When you put carrots under the stress of freezing temperatures, a survival mechanism kicks in that converts starches to sugars. The sugars protect them from freezing, and they happen to become sweeter, crispier, and more nutritious as a result.

This process, called “chill sweetening,” is one I heard about from Dan Barber, writer, food activist, and owner of Blue Hill at Stone Barns. He offered this anecdote as a guest on Krista Tippett’s On Being podcast. It’s a brilliant conversation, one that affects me to this day. Here’s his reaction to the Brix test they did on carrots they grew in mid-February on the Stone Barns Center farm:

“We squeezed a little bit of carrot juice on a refractometer and it registered this Mokum carrot 13.8…13.8 percent of this small carrot was pure sugar. Now we, just for curiosity’s sake, took a Brix measuring of a carrot that we used for stocks in the restaurant. It’s an organic carrot, the kind of carrot you’d find in like a Whole Foods…What did it measure on the Brix? 0.0…By the way, there’s increasingly a direct connection between Brix levels and nutrient density… Of course, the best-flavored food would also be the healthiest and the most nutrient dense.”

The carrot maximizes what it has to create something tasty and nutritious. That’s exactly what I’m advocating for in our home kitchens.

Garden Ripe Carrots

This philosophy extends beyond the single ingredient and to the whole farm.

This one example from Barber’s work is part of a whole philosophy that he wrote about in his book Third Plate, which I had the privilege of hearing about in person at a reading in Portland. The book’s title references Barber’s explanation about the evolution of the typical American meal:

The first plate is from over a decade ago: a seven-ounce corn-fed steak with steamed baby carrots.

The second plate represents the shift led by the recent farm-to-table movement: grass-fed steak and heirloom carrots grown in organic soil.

The third plate offers a look into the future: a slab of carrot “steak” with a sauce of braised second cuts of beef.

The whole book criticizes the farm-to-table movement — one that Barber had championed — for touting “cream crops” like asparagus which remove more nutrients from soil and are expensive to grow, and paying no attention to rotational crops that can help rebuild soil.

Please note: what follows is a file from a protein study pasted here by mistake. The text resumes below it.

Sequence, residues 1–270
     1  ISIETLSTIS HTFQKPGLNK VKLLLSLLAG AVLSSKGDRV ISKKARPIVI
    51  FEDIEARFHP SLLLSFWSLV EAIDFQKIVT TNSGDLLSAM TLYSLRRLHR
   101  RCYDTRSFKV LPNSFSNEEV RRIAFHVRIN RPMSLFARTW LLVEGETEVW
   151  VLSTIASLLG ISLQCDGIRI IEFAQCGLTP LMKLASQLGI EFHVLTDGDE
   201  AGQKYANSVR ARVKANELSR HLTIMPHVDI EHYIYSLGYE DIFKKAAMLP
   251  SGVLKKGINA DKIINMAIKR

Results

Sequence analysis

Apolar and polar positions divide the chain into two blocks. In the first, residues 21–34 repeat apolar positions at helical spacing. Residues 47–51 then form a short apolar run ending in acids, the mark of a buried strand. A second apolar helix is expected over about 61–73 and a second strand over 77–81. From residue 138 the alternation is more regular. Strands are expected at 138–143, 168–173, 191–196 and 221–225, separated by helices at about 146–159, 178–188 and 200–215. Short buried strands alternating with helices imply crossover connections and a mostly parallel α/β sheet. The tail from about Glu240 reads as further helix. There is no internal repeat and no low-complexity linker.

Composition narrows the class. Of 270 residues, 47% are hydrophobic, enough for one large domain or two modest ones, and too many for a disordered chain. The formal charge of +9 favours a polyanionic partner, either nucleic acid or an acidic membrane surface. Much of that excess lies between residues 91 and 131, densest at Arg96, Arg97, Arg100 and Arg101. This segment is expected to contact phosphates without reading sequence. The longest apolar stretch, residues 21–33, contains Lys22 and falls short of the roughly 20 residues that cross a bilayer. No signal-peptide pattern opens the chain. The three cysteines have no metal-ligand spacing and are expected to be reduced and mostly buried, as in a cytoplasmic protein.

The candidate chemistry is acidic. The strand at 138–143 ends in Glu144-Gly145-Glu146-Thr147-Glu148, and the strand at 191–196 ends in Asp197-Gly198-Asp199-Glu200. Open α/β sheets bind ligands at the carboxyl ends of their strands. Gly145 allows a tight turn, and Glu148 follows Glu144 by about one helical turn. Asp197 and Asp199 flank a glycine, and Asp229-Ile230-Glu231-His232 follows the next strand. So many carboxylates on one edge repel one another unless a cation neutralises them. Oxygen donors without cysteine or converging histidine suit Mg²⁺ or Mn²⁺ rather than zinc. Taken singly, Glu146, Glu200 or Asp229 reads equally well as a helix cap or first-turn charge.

Barber argues that we cannot simply eat one product from a farm. We must support and utilize the whole ecological system. I believe this applies to many dimensions, all the way down to the carrots tucked in the crisper drawer of your fridge. We cannot afford to use one part of a vegetable. We must utilize every tasty, nutritious, and useful morsel of it.

Skins for stock

Practice this in your own kitchen: use every part.

  • Start a scrap container in your fridge and make a skins-and-stems vegetable stock like I outlined above. Throw in any or all of these: garlic and onion skins; herb stems; mushroom pieces; hard cheese rinds; meat or fish bones; carrot, celery, and onion stubs; and anything else that still has flavor to give.
  • Learn about the farm systems in your area by visiting or talking to a farmer. What cover crops do they grow that they can’t sell due to lack of demand? Show interest in cooking with those crops—it’s a small step, but that’s how markets start.
  • Consider a volunteer shift at an organization that redistributes leftover foods to people who will utilize them. In Portland, we have Urban Gleaners. Perhaps there’s a similar operation near you.
  • Make your own carrot top pesto. Play with the recipe; you can sub walnuts or hazelnuts for macadamias and swap out the basil with parsley. I like to spoon the pesto into ice cube trays, freeze, pop them out, and re-store them in a Ziploc in the freezer. That way, you can pull a cube out to brighten a dish on a day when you could use a boost of inspiration

Have fun getting scrappy!


Heirloom Food Stories aim to connect you to beauty, wisdom, and intuition in your kitchen. Each month we’ll deeply explore one fruit or vegetable, so we can know the whole stories — the joys, hardships, and curiosities — behind the foods on our plates.

It’s part of the Heirloom Food Project I’m developing to help us build a food culture we’re proud to pass down.